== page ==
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Developing system could be earliest 3rd tropical storm on record

AccuWeather logo AccuWeather 5/29/2020 Ryan Adamson

An already active Atlantic hurricane season -- which hasn't officially begun yet -- could take a turn for the record books with a new disturbance that looks poised to strengthen. The season officially begins on June 1.

Forecasters are now monitoring an area of low pressure designated as Invest 92L, which was developing Friday morning about 700 miles southeast of Bermuda, and they say it could strengthen further in the coming days. Satellite images on Friday morning showed an area of showers and thunderstorms beginning to become better organized with a notable swirl of low pressure.

© Provided by AccuWeather
An area of showers and thunderstorms were beginning to swirl into an area of low pressure over the central Atlantic, several hundreds of miles southeast of Bermuda, on Friday, May 29, 2020. Forecasters are closely monitoring the disturbance for further development by this weekend. (NOAA / GOES-East)

The busy start to the year started with the formation of Tropical Storm Arthur on May 16, and the system narrowly missed the Outer Banks of North Carolina. That was followed by the rapid development of Tropical Storm Bertha less than two weeks later on May 27. Bertha made an unusually early landfall in the United States near Charleston, South Carolina, on Wednesday.

AccuWeather meteorologists have been warning that the 2020 Atlantic hurricane season could be a very active one, and so far it's playing out that way. There have been only five years where two storms have been named in the Atlantic during May or earlier, including 2016, 2012, 1951, 1908 and 1887.

The disturbed area of weather was being caused by a pocket of cold air in the upper atmosphere. When a cold pocket of air in the atmosphere sits over warm water, this can sometimes build from high levels of the atmosphere down to the surface. When this occurs, low pressure at the surface can develop. That may happen in the next 24-36 hours.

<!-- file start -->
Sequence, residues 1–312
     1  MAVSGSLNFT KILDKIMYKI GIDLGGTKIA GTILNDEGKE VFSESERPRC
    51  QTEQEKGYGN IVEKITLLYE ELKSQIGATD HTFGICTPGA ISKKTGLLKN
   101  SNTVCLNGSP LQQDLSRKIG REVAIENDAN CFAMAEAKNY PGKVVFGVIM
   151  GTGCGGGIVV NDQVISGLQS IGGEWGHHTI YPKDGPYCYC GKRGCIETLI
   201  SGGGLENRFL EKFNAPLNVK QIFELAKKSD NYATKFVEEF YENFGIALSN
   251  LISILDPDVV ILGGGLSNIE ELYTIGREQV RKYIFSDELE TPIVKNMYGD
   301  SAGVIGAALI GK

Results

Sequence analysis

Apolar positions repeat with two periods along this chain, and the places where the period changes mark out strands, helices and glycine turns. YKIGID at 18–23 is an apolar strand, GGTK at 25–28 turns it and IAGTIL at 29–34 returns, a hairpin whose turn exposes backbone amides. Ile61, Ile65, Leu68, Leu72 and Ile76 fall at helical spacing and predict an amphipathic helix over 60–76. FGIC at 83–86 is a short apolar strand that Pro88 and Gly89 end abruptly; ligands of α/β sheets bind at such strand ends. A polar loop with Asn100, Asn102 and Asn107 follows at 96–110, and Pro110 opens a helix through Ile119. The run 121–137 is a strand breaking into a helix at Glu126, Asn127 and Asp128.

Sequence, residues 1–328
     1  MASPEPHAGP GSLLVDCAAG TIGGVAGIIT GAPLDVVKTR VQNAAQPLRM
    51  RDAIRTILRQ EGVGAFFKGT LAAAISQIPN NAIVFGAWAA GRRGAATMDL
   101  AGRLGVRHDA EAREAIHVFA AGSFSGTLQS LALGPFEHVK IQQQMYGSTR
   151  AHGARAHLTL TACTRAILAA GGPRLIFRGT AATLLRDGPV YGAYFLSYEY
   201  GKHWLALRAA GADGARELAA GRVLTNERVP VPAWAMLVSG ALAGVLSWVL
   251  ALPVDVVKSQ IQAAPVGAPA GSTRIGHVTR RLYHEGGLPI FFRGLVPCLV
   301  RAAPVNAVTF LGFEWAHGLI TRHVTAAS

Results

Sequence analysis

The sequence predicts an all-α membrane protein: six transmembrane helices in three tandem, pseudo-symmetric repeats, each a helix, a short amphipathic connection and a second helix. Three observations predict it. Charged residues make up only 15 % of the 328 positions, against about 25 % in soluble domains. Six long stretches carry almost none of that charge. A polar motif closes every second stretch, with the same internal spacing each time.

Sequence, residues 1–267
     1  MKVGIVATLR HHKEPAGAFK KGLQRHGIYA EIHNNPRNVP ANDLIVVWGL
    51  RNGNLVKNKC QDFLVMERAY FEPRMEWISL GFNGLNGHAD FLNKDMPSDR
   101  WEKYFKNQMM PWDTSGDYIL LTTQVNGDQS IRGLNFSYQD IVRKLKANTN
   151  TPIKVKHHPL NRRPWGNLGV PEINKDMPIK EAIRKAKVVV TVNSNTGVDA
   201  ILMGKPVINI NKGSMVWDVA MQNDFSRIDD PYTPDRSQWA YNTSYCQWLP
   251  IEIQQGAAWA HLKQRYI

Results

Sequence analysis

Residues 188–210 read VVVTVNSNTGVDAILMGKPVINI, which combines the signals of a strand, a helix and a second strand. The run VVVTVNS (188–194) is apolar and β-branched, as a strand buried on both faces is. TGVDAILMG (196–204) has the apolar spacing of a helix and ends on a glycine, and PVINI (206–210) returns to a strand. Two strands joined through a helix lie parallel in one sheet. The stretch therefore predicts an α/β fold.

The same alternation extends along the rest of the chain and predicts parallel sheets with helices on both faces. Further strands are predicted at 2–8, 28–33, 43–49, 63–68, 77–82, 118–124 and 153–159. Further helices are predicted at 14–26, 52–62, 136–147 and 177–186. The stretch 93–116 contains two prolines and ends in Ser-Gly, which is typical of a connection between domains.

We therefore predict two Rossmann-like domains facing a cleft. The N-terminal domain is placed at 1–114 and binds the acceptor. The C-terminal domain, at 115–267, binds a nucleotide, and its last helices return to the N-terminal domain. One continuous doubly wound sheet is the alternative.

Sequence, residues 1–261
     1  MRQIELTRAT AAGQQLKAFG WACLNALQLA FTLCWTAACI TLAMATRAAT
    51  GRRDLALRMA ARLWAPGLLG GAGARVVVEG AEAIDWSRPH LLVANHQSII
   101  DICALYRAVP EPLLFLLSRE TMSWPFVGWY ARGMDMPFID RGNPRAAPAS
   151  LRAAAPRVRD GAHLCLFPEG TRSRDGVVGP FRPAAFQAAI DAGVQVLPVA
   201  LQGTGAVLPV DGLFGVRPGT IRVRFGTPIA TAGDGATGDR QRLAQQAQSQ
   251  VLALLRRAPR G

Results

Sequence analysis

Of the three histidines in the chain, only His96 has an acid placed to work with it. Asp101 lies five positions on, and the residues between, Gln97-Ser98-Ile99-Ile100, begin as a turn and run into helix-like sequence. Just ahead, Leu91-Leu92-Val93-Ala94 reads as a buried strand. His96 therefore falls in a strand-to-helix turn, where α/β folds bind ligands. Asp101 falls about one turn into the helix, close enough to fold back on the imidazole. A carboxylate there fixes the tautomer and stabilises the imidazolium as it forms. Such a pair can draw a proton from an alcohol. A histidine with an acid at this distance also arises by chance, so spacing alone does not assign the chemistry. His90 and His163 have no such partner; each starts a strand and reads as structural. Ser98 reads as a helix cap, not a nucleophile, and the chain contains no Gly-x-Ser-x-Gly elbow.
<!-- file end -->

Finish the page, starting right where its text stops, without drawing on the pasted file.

a close up of a map © Provided by AccuWeather

This area of disturbed weather has already been designated as an invest area. What this means is that that the National Hurricane Center (NHC) is interested in collecting extra information or investigating the area in question. This provides forecasters more data to determine the possibility of development.

So far, wind shear, or changing wind speeds or directions with altitude, has caused the system to struggle to develop. However, if the system can become better organized, it may experience less shear.

Typically, tropical systems develop and strengthen most efficiently when they are over water temperatures of 80 F or higher. The system was over an area where ocean water temperatures were ranging between 75 and 77 F on Friday morning, but very warm water was located just to the south. However, the disturbance would need to develop quickly, as it will begin moving northward on Friday afternoon.

Regardless of development, the system should stay at least 300 miles east of Bermuda. Therefore, there should bring little impact to Bermuda, other than generating slightly elevated seas and rough surf.


Even though preseason tropical storm formation is not uncommon, there have never been three named storms before June 1. Therefore, if this area strengthens into a named tropical system, it would be the earliest third storm on record in the Atlantic. Cristobal is next on the predetermined 2020 Atlantic name list.

"The earliest number three storm on record is Colin, which formed on June 5, 2016," AccuWeather Senior Meteorologist Joe Lundberg said.

Typically, the third named storm usually develops much later in the season, occurring on average in August. "Aug. 13 is the average date of the third named storm," said AccuWeather Senior Meteorologist Kristina Pydynowski.

The same list of names is used every six years, unless a storm is unusually strong or deadly. Therefore, the name Cristobal was previously used in 2014. That year, Cristobal did not form until late August.

Another hotspot for tropical activity may emerge in the Atlantic, but forecasters say conditions could take longer to come together in this zone. An area of low pressure could form in the southwestern Gulf of Mexico or northwestern Caribbean Sea sometime next week. Strengthening into a more organized tropical system could occur in the area as early as next weekend, but it is more likely to happen during the second week of June. Historically, storms that develop in this region of the Atlantic basin are most likely to impact the U.S. directly this time of the year.

Stay tuned to AccuWeather's hurricane center for the latest updates on potential tropical development.

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